Restrictions on the number of buprenorphine prescriptions a physician can write in a given year do not hinder addiction treatment, as some had feared, according to a Research Letter published online Sept. 20 in JAMA.
Physicians who wish to treat opioid use disorders using buprenorphine are allowed to prescribe the drug to up to 30 patients during the first year they offer the treatment, and after that, they may request that the limit be increased to 100 patients. Some experts have expressed concern that this requirement may pose a barrier to buprenorphine therapy. To examine this possibility, researchers analyzed information in a database of prescriptions filled at retail pharmacies across the United States.
The investigators focused on buprenorphine prescriptions filled during a 3-year period in seven states with the highest rates of addiction therapy: California, Florida, Massachusetts, Michigan, New York, Pennsylvania, and Texas. They identified 3,234 physician prescribers and 245,016 patients receiving a new buprenorphine prescription during the study period, said Bradley D. Stein, MD, PhD , of the RAND Corporation, Pittsburgh, and his associates.
A substantial proportion of the physician prescribers – 20% – treated only 1-3 patients, and an additional 49% treated fewer than the 30-patient limit. Only 9% of physician prescribers treated more than 75 patients. So the restrictions on the number of concurrent prescriptions do not appear to pose a barrier to buprenorphine therapy, Dr. Stein and his associates said ( JAMA. 2016 Sep 20;316:1211-2 ).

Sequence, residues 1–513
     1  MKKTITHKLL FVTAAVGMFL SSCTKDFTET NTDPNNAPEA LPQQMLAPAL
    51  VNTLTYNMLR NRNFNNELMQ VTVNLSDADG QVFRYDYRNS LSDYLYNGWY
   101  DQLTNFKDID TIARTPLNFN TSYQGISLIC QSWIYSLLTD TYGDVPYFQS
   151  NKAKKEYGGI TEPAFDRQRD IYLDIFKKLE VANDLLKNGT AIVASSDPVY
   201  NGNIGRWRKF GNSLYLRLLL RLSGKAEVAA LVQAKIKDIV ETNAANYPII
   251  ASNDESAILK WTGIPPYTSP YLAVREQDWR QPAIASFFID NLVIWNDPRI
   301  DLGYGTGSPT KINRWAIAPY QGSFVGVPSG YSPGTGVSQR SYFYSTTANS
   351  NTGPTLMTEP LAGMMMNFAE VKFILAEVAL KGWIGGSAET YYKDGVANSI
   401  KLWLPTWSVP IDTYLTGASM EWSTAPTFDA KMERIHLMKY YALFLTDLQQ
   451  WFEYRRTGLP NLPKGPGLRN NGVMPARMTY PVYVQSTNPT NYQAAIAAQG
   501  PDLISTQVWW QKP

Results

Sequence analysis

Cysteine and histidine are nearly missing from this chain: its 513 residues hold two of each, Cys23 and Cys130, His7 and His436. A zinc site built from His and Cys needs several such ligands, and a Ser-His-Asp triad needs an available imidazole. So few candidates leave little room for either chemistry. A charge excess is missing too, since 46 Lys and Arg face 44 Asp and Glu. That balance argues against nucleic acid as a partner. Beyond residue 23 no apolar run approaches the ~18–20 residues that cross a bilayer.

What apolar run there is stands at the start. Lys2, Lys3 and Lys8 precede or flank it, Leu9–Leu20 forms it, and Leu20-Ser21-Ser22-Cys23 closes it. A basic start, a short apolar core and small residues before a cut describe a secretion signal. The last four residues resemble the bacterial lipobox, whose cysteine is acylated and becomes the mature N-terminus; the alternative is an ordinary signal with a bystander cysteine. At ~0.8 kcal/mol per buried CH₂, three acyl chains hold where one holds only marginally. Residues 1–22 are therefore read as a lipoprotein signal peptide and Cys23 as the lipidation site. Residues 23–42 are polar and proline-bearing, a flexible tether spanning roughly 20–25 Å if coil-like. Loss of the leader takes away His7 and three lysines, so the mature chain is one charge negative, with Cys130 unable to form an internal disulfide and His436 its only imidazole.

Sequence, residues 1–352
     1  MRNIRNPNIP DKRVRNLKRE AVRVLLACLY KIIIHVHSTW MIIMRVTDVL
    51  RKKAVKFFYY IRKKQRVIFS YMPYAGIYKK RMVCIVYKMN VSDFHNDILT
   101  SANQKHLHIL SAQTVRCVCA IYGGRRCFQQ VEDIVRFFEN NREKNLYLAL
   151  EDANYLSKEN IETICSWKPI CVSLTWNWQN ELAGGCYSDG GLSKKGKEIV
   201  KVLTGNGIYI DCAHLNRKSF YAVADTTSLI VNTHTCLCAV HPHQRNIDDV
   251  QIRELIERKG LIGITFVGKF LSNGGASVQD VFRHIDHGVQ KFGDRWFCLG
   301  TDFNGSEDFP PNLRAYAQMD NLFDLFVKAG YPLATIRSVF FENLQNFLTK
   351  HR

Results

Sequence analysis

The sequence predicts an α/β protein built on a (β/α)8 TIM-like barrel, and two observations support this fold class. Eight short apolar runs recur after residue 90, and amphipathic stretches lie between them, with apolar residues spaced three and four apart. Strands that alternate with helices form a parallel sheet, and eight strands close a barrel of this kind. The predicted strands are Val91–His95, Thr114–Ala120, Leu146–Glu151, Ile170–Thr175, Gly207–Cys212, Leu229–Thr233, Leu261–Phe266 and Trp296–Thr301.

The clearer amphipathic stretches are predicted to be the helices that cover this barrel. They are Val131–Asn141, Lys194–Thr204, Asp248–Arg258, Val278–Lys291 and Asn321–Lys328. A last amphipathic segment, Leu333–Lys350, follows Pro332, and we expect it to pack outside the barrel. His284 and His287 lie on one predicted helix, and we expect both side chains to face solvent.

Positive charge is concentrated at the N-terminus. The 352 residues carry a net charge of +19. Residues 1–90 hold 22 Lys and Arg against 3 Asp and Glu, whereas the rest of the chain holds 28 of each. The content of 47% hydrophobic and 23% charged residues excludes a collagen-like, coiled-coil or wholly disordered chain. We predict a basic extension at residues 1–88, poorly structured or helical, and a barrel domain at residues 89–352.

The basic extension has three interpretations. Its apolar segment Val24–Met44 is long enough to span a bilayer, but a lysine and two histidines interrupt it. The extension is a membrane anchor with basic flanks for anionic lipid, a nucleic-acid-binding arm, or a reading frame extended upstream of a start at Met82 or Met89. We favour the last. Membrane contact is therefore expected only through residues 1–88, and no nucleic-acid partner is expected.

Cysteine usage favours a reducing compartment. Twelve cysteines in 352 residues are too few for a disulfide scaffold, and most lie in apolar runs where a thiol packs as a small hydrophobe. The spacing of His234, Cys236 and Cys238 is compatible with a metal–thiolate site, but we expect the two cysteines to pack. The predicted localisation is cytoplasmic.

An unexpected finding was that the median duration of buprenorphine therapy was only 53 days, even though clinical recommendations specify that up to 12 months of treatment is beneficial, and longer duration of therapy is associated with better outcomes.
These findings indicate that strategies for improving access to addiction therapy may not need to target prescription limits, the investigators said.
Dr. Stein and his associates said their research was supported by the National Institute on Drug Abuse. He reported having served on the advisory board of Otsuka Pharmaceuticals, and the other investigators reported receiving royalties from Cambridge University Press and UpToDate.